Use the Ecological Accounting Process to Establish the ‘Financial Case for the Stream’
“The end goal is to stablish an annual budget for stream corridor system M&M as a line item within an Asset Management Plan. Use of EAP to establish the ‘financial case for the stream’ would put maintenance and management (M&M) of stream corridor systems on an equal footing with constructed assets (municipal infrastructure). This would be a giant step forward,” explains Tim Pringle.
“EAP uses real numbers, not hypothetical assumptions, to establish the financial value of the stream corridor system. The stream is a land use because it has an area defined by regulation and therefore it has a financial value. If the stream did not exist, the land it occupies would be used for nearby development, residential or other.”
“EAP defines the regulatory setback zone as the Natural Commons Asset, or NCA for short. The NCA calculation is the foundation piece for EAP. It determines the financial value of the stream for all or any portion of its length. The NCA calculation uses BC Assessment data for the financial analysis.”
Ecological Services are Core Services
“Core services such as utilities, roads, parks, and recreation take up the bulk of a local government budget and are the traditional focus of asset management. Prior to release of the Primer on Integrating Natural Assets with Asset Management by Asset Management BC in 2019, ecological services were not typically part of the asset management mind-set.”
“At best, ecological services have been considered as an add-on. They are not intuitively understood by the public, elected representatives and asset managers. To stimulate awareness and advance uptake of a ‘whole-system approach’ to asset management, it helps to define ecological services in terms of drainage, recreation and habitat uses.”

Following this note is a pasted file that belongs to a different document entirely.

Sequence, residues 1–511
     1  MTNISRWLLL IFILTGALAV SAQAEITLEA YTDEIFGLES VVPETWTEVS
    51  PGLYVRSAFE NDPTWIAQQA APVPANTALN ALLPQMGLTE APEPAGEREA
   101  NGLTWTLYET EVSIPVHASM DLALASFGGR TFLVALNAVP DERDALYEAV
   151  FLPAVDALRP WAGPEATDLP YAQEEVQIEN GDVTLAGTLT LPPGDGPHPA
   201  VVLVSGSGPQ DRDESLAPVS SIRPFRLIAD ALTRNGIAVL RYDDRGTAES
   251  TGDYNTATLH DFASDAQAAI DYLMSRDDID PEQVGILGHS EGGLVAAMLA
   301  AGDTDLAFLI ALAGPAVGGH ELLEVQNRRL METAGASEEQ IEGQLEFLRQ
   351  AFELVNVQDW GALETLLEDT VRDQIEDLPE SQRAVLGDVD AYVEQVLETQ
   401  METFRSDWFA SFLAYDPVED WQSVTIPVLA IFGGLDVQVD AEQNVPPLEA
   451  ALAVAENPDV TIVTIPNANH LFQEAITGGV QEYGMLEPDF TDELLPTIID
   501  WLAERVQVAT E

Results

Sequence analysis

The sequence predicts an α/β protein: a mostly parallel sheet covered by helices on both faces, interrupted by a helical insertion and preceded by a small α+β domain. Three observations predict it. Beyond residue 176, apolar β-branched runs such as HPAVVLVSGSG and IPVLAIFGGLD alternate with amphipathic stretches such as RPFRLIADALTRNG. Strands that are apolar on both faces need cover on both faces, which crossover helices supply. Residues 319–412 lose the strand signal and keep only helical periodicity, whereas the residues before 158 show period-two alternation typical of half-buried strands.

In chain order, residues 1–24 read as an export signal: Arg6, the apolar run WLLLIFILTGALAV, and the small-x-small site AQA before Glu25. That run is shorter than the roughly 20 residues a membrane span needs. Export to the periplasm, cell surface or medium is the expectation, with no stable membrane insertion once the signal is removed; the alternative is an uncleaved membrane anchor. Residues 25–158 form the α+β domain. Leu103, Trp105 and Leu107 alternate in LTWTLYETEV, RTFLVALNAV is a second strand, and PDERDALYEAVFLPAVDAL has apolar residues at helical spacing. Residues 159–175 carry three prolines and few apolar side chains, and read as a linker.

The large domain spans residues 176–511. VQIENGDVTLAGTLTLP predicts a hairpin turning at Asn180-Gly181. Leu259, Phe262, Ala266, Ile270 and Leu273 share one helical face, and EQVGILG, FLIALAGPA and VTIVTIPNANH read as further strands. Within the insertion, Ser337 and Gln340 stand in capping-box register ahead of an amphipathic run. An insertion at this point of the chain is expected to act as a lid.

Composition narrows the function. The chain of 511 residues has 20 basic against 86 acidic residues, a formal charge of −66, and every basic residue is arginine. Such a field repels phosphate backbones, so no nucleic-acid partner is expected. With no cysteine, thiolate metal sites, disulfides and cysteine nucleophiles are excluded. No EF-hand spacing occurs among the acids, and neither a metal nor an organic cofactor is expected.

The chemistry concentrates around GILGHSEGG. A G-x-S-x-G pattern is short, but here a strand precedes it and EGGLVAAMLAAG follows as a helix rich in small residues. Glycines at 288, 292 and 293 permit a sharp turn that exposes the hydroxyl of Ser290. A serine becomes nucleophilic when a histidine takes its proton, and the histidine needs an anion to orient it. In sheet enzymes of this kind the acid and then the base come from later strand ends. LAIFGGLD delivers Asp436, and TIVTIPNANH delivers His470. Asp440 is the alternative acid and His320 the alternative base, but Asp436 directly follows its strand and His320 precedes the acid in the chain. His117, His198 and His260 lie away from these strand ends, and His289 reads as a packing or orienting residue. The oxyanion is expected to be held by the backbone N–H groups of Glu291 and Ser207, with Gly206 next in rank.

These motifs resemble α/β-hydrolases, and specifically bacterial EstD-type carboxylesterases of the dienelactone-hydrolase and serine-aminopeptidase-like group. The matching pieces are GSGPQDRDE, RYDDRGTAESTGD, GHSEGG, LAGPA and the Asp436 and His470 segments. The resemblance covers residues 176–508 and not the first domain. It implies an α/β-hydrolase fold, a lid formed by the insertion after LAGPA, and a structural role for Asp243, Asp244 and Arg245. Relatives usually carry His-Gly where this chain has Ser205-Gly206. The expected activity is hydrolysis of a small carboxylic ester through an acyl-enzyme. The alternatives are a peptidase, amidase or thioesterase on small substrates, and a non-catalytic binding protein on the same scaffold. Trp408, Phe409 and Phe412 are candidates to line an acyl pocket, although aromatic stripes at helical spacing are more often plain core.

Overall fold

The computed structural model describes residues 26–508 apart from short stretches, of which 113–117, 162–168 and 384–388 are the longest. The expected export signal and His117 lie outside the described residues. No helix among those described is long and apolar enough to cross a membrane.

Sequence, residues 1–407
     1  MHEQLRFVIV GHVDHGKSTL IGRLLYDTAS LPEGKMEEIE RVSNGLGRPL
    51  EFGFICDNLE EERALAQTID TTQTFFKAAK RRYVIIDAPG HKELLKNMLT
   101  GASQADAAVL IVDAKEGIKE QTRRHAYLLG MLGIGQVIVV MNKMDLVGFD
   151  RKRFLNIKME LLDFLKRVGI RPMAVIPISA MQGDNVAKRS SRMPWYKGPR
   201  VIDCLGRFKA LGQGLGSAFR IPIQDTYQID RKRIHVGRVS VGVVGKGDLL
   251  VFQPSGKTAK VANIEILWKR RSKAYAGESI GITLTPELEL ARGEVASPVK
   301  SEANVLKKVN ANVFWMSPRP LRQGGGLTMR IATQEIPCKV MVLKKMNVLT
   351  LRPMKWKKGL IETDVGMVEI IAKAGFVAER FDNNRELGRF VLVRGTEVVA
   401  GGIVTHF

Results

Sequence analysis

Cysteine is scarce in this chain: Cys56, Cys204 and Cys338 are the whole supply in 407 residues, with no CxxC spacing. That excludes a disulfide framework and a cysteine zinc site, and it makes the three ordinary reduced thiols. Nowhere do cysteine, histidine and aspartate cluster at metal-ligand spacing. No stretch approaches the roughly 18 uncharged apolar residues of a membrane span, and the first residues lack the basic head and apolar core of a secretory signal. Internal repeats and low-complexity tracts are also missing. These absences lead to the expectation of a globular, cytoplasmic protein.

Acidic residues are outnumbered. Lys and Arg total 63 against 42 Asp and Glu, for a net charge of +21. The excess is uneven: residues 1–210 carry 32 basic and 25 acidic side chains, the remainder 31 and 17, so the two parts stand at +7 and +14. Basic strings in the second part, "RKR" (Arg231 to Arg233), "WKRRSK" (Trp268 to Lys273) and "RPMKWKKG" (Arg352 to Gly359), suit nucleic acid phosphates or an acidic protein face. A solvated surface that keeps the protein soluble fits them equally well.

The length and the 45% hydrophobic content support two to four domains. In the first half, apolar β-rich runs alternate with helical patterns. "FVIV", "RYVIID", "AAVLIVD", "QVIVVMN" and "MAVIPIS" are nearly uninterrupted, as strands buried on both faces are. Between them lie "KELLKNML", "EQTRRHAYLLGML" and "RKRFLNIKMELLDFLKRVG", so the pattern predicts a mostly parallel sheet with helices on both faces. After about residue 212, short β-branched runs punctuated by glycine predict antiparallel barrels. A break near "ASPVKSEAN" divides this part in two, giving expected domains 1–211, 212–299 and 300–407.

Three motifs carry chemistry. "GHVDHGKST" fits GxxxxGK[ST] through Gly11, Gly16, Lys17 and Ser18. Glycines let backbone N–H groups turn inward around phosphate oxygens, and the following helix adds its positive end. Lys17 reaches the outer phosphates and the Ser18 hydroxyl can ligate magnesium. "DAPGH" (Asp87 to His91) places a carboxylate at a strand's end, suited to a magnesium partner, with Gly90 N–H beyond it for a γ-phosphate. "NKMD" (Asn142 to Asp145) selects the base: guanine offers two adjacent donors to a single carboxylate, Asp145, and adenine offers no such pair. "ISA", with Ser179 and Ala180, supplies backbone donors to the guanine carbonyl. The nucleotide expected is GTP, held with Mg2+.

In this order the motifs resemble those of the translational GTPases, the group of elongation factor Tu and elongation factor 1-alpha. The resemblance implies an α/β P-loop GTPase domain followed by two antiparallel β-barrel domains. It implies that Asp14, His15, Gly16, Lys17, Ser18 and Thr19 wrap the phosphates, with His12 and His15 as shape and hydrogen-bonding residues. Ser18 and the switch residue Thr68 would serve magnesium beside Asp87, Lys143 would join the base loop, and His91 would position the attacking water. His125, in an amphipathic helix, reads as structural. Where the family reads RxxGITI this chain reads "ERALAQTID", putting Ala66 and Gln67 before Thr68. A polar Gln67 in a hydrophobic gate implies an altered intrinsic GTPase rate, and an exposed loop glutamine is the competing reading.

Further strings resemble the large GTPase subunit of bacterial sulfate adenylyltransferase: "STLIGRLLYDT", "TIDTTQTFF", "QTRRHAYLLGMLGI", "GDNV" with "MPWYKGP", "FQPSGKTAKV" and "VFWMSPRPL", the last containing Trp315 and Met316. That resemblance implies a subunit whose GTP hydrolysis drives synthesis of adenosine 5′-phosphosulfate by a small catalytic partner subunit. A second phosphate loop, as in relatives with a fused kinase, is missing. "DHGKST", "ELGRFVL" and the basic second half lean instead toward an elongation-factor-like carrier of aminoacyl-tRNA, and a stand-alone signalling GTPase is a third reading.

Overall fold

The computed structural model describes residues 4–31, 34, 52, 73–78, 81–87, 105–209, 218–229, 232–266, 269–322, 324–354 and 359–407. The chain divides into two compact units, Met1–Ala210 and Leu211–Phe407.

“Once communities make the mental transition to view ecological services as core local government services, and then look at their budgets differently, the change in mind-set should lead to this question: how can we do things better? This shift in perspective logically leads to the next question:
How do we establish an annual budget for M&M that sustains the ‘package of ecological services’ in a stream system that humans depend upon for drainage, recreation, habitat, and enjoyment of property uses?”
“EAP interweaves financial, social, and ecological perspectives within a single number to establish the financial case for a stream corridor system. This aggregate number is the Natural Commons Asset (NCA) value. The NCA value provides environmental planners with a starting point for a balanced conversation with engineers and accountants about the services that natural and constructed assets both provide. This alone is a game-changer,” concludes Tim Pringle.
To Learn More:
Download a PDF copy of Living Water Smart in British Columbia: Accounting for Stream Systems in Asset Management.